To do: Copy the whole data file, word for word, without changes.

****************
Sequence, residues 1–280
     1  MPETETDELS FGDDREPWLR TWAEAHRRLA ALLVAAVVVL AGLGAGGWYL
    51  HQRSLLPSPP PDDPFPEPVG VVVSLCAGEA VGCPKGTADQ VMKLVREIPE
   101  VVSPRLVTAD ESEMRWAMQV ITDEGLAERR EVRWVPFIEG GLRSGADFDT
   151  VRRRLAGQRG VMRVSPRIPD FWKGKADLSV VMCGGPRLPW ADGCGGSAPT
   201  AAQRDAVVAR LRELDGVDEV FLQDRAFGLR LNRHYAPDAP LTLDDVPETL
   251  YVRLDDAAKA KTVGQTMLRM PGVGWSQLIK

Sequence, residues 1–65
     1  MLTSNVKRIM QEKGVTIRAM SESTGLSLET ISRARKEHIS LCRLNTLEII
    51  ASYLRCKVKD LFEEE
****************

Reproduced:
Sequence, residues 1–280
     1  MPETETDELS FGDDREPWLR TWAEAHRRLA ALLVAAVVVL AGLGAGGWYL
    51  HQRSLLPSPP PDDPFPEPVG VVVSLCAGEA VGCPKGTADQ VMKLVREIPE
   101  VVSPRLVTAD ESEMRWAMQV ITDEGLAERR EVRWVPFIEG GLRSGADFDT
   151  VRRRLAGQRG VMRVSPRIPD FWKGKADLSV VMCGGPRLPW ADGCGGSAPT
   201  AAQRDAVVAR LRELDGVDEV FLQDRAFGLR LNRHYAPDAP LTLDDVPETL
   251  YVRLDDAAKA KTVGQTMLRM PGVGWSQLIK

Sequence, residues 1–65
     1  MLTSNVKRIM QEKGVTIRAM SESTGLSLET ISRARKEHIS LCRLNTLEII
    51  ASYLRCKVKD LFEEE